An epic job quitting is the stuff of legends. Everyone at one time or another has had the fantasy of leaving a crummy work experience and going out in a blaze of glory, or even with a marching band. Youtube overflows with videos of disgruntled workers parting ways with employers in an array of triumphant, creative, and boisterous celebrations. But that's probably not the best choice. It's better to leave your job on a positive note by sending a polite resignation letter, thanking your employer, and working hard right up until your last day. That may not be the easiest—or most satisfying—route to take, but it will likely serve you better in the long run.
How you quit your job and what you do in your last days can have long-term effects when you need your old employer for a reference. If you have an unprofessional exit, word can spread to other people in your profession, hurting your chances for new opportunities. So, here's how to quit with your dignity intact.
How much notice to give
Your employee handbook or employment contract, if you have one, may tell you how much notice you're expected to give before quitting. If not, a minimum of two weeks notice is standard. However, if you are an executive, team leader, or major player in a big project, a two-week notice could leave your employer in a tough position. They may need more time to find a replacement and transition your responsibilities.
If you aren't sure how much notice your employer needs, consider talking with your manager before you set a start date for your new job. Explain to your new employer that you want to delay your start date so you can wrap up your work and be fair to your old boss.
Talking to your manager
Even if your relationship with your supervisor isn't warm and friendly, your manager might react badly to hearing through the grapevine that you've quit. So before you spill the beans to all your coworkers or send a two-week resignation letter to HR, talk to your manager face-to-face and explain that you are leaving, and when.
To avoid surprises, you can send an advance email saying you'd like to talk about your future. Be sure to thank your manager for the opportunities you've been given and the training you've received. Keep things positive—this isn't the moment to complain about the way you've been treated.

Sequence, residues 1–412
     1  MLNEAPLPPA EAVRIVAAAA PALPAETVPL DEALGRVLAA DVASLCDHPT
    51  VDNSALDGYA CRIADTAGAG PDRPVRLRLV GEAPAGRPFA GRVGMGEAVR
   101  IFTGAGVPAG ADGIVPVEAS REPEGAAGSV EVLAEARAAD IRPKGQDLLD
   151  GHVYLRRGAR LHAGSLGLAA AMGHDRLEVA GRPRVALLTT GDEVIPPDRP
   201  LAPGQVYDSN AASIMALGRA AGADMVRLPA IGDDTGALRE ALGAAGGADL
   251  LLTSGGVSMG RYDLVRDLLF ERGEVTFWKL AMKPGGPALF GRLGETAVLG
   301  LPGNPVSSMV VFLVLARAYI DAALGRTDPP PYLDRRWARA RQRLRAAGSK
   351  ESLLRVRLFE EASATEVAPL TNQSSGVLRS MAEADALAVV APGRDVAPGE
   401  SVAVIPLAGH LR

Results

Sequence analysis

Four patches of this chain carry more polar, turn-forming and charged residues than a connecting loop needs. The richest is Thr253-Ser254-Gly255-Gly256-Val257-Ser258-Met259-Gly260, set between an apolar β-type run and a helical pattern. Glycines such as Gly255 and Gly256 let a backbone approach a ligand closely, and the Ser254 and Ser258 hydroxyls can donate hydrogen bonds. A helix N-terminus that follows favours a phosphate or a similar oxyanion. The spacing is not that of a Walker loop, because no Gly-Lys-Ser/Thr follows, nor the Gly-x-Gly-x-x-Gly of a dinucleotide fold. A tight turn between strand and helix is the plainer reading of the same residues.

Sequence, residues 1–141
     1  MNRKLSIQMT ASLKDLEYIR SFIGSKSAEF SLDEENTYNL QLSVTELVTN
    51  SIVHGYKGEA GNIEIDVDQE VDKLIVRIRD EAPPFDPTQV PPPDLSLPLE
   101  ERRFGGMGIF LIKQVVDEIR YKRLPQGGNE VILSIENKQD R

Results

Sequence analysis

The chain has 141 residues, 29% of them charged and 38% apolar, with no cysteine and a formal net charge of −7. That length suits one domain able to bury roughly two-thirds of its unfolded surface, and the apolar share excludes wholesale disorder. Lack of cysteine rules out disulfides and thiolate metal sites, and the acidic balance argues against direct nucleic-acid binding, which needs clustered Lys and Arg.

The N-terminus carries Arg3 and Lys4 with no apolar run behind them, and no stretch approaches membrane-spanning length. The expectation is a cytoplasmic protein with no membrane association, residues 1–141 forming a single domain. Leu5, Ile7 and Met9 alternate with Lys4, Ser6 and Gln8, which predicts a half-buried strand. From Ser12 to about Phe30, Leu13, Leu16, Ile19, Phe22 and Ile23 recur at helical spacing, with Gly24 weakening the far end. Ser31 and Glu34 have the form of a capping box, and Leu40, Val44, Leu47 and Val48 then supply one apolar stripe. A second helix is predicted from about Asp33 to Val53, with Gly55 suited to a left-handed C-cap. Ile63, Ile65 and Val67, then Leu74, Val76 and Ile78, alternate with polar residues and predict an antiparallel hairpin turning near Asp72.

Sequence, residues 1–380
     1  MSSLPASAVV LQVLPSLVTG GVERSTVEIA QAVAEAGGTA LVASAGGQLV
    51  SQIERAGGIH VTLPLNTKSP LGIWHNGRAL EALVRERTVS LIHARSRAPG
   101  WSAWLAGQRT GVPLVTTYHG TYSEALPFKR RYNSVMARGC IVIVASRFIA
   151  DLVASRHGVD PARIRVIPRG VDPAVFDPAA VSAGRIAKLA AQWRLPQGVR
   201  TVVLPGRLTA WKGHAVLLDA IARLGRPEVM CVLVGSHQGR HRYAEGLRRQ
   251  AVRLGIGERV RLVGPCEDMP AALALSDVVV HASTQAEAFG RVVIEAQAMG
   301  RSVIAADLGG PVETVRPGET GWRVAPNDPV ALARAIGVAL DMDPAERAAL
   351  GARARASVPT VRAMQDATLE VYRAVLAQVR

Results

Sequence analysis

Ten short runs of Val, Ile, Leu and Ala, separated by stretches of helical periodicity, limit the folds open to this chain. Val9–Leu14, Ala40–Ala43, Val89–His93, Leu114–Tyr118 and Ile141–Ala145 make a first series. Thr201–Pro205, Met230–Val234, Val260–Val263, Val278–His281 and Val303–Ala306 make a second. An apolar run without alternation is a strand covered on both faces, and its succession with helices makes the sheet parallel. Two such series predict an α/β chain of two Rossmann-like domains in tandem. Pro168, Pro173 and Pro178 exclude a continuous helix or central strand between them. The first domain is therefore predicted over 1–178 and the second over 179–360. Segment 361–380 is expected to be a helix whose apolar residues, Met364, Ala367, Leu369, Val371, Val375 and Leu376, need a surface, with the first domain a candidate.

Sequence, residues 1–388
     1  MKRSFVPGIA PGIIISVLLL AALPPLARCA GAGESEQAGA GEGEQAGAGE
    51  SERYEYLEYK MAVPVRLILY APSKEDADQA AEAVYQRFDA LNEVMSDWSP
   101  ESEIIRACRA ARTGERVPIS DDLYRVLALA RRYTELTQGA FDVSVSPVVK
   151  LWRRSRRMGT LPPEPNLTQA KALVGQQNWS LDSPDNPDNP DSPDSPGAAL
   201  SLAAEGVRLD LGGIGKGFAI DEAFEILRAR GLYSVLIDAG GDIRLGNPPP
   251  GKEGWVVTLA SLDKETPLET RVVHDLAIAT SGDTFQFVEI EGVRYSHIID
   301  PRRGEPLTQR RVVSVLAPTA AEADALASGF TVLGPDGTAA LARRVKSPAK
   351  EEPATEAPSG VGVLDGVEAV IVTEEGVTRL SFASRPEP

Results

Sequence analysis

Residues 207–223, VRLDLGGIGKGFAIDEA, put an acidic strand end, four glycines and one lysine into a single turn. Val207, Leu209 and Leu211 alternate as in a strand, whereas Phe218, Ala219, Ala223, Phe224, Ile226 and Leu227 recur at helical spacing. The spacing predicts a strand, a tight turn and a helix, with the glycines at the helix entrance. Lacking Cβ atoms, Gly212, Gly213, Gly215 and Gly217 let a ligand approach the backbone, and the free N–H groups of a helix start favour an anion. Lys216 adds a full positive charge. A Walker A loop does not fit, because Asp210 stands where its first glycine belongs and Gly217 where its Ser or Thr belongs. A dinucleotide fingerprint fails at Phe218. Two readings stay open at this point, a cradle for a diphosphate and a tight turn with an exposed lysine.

What to write in a resignation letter
If you've already told your manager you're leaving, a resignation letter feels like a formality, but it's an important one. The letter will go into your file, clearly showing that you left the company voluntarily. And human resources may need the letter to begin processing your departure.
There are just a few things that need to be in a classy resignation letter. Keep it brief and professional. A funny resignation letter highlighting your boss' unique fashion choices may not go over as well as you hoped. So, here's what to include, in order:
- The fact that you are quitting.
- The date you are leaving.
- (Optional) The reason you are leaving. Do not use the resignation letter to list all the ways your employer sucks. Always keep things positive. But, if it's appropriate, you can say you've taken a new job or decided to stay home with the kids, or whatever it is.
- A couple of sentences thanking your employer. Think about what you are most grateful for, or what has made the biggest difference in your professional development. Be specific if you can.
- Offer to help with the transition.
Email or deliver the letter to your immediate boss and to whoever is responsible for human resources at your company.
How to handle awkward situations
Sometimes, life happens, and you can't give a full two weeks notice before leaving a job. And sometimes you have to quit a job that is truly making you hate your life. So, here's how to go about it gracefully.
If you are writing a resignation letter without notice, state that you are leaving immediately, and apologize for the short notice. If it feels appropriate, you can share the reason why you are leaving so suddenly, or you can just say “for personal reasons." Offer to help with the transition only if you really plan to be a part of that process.
If you are sending a resignation letter and you're unhappy with management, don't write an angry or sarcastic resignation letter. Save that for your diary. Just keep things short and to the point, and thank your employer for the opportunity to work there. An exit interview or private meeting might be a better place to voice your concerns.
After you've resigned
Remember to end things on a good note and be a team player right up until the end. Keep doing your job and meeting your deadlines. Help transition your work to others, if you're asked. Sometimes, the way you act when you leave makes as much of an impression as all the things you did as an employee.